Last month I posted on instagram, “What if we started a book club?” and to my surprise a lot of people were very interested (close friends, friends I don’t see as often and a few that I don’t know too well yet).
I think a lot of us in our adult lives lose touch with reading. When we are young, reading is encouraged and enforced with compulsory literature classes, summer reading assignments and standardized testing. A lot of this early reading can feel like a chore but every so often magic strikes, and you fall into a book and the book devours you, changes you. It’s an incredible experience.
As adults, there is no compulsory reading and really no encouragement either. I feel like we’re pushed to be on our phones all day and compare ourselves to everyone else. We are reading all day but how much of it is valuable, how much of it holds our attention longer than seven seconds? To put down your phone and pick up a book can feel like a revolutionary act.
That’s a big reason why so many wanted to join the book club. They used to have a love for reading, but somehow that love hasn’t followed them into their adult life.
My hope for the book club is that people find their love for reading again. I’m personally excited to talk about books, read books that I usually wouldn’t pick out and have a reason to spend time with others.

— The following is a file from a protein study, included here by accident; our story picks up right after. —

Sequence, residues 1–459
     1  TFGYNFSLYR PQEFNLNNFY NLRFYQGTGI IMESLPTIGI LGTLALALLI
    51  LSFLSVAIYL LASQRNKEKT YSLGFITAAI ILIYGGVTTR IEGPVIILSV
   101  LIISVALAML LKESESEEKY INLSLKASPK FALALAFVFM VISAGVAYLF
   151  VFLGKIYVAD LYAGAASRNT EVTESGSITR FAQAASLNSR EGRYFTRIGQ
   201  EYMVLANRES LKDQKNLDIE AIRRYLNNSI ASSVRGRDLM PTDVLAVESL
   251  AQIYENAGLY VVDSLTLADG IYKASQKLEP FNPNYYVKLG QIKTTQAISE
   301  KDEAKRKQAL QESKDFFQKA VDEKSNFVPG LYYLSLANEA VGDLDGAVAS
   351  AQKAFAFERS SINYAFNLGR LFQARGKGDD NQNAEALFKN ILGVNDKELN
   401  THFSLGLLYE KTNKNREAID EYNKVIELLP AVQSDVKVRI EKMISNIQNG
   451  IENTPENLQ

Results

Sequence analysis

For our first month, I said I would pick the book and I’d host book club at my home. I didn’t expect picking the book would be so stressful! My criteria for the book was the following:
- available in paperback
- spooky in some way (because October)
- under 400 pages
- page-turner but has depth
After reading many book reviews, I landed on Station Eleven by Emily St. John Mandel. It’s about a traveling theatre group in post-apocalyptic America. As I’m writing this, I have not started the book yet. I’ll be starting the book tonight! Of course, starting a book club made me also want to code a rotating 3D book because why not.
About the 3D Rotating Book I coded…